My name is Kristin M. Palmsiano and I am in my sophomore year of undergraduate at the University of Illinois at Chicago. I am currently double majoring in psychology along with sociology, in the hopes of becoming a behavioral analyst. The idea that people’s behaviors and thoughts have the ability to not only change the course of their lives, but others as well, has always intrigued me. The University of Illinois at Chicago has provided me with a new found sense of understanding for many cultures, ethnicities, and standpoints different than my own. Overall it has taught me a lot about the world around me other than the “bubble” known as my hometown.
The first word that comes to mind when I hear the phrase “differently able” is strength. The terminology “differently able” is used to describe people who have disabilities or are handicapped. However, by using that phrase it gives a new found sense of optimism and provides a nondiscriminatory perceptive on those with disabilities. It shows how people who are disabled in some areas are that much more special because they excel in many other ways. The phrase “differently able” gives the world of psychology and sociology a whole new perceptive on the disabled because its conation is replaced from negative to positive.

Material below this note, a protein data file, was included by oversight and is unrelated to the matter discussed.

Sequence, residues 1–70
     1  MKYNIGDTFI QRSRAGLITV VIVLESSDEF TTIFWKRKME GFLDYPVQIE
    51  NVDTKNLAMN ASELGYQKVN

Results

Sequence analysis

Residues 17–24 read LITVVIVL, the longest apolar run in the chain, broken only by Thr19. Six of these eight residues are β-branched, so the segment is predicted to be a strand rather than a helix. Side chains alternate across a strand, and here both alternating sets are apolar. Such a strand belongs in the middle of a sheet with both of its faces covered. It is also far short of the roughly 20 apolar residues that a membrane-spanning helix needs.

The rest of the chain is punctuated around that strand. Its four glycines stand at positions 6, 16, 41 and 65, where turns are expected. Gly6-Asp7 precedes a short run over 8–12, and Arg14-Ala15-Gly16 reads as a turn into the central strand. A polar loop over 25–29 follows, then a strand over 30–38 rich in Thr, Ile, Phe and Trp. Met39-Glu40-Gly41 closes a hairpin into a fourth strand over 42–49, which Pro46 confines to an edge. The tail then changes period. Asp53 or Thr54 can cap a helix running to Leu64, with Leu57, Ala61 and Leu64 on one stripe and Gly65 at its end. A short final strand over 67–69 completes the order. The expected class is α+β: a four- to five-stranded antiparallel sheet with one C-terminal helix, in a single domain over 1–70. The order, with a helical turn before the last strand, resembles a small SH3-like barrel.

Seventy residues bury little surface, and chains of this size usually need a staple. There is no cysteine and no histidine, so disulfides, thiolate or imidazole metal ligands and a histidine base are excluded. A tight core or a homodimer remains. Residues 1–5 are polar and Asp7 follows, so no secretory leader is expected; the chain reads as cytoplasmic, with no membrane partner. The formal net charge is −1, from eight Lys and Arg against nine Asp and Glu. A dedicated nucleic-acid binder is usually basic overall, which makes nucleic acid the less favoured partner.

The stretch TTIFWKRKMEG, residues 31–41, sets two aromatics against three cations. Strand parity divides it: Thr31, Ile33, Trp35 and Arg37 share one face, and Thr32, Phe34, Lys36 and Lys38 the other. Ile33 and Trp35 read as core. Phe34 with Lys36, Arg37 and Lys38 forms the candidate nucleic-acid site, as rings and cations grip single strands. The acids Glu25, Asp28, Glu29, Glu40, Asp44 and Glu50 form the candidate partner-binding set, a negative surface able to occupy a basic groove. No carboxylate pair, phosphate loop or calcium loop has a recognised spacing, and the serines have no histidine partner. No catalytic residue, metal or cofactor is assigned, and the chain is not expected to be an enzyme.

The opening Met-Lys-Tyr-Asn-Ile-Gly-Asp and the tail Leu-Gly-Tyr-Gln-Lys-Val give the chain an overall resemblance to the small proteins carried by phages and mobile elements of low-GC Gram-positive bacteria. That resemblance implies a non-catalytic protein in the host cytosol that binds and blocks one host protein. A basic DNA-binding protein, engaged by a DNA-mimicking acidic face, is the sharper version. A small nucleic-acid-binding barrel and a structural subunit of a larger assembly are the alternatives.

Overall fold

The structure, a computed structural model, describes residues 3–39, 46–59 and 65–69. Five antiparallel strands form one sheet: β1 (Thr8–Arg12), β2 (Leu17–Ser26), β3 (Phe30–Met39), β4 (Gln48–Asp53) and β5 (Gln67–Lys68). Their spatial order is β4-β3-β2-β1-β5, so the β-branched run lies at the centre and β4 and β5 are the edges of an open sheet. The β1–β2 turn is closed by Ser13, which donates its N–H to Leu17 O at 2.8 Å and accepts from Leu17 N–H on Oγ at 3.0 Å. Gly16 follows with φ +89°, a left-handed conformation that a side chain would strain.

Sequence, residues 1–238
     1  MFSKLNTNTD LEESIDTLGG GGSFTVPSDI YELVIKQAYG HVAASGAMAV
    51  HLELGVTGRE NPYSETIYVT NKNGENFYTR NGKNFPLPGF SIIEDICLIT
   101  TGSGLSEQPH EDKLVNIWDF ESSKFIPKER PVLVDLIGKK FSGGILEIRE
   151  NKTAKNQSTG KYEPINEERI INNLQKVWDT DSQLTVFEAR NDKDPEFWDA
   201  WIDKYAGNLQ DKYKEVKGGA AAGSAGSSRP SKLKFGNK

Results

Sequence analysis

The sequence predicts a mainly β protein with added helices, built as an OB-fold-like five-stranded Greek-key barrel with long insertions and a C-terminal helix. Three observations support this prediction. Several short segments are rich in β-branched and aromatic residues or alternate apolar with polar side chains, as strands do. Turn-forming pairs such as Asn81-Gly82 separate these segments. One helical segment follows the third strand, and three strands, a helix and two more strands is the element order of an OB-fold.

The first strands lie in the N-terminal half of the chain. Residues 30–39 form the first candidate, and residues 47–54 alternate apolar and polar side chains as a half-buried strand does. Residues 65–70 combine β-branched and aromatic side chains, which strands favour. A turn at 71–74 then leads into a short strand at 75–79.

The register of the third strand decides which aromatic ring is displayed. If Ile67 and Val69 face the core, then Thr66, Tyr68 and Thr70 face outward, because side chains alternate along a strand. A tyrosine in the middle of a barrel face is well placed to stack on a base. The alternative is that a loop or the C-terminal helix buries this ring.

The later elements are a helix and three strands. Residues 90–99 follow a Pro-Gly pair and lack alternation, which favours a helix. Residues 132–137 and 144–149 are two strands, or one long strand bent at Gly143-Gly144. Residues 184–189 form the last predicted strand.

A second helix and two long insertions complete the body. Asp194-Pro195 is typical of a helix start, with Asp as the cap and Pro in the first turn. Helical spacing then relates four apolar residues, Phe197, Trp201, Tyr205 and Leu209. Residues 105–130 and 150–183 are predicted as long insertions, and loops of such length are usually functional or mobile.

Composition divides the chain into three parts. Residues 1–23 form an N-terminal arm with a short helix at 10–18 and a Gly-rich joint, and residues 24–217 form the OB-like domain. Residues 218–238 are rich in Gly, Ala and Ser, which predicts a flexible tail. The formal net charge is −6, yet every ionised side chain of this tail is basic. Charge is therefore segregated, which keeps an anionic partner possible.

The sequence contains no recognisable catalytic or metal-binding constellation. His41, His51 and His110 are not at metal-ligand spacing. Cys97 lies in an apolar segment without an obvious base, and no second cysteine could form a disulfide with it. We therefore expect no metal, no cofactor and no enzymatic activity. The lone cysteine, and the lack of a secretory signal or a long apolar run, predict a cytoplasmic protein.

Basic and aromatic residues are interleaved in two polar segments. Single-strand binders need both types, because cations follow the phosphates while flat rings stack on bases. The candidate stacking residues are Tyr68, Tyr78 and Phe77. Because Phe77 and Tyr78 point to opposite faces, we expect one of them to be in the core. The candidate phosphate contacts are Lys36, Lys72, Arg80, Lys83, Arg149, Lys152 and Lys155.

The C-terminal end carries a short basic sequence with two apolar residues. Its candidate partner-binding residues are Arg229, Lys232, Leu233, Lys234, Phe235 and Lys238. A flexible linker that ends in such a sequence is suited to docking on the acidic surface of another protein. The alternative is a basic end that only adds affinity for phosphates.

Instead of people feeling bad for those who are handicapped they now can see them in a new light just because people are not looking at them as damaged or not useful, but rather now see them as people who are proficient at many other things. If everyone used the phrase “differently able” there is no doubt in my mind society views about the handicapped community would vastly change in a positive direction.
Quote for thought: “The problem is not the person’s disability... The problem is society’s view of the person’s ability.”
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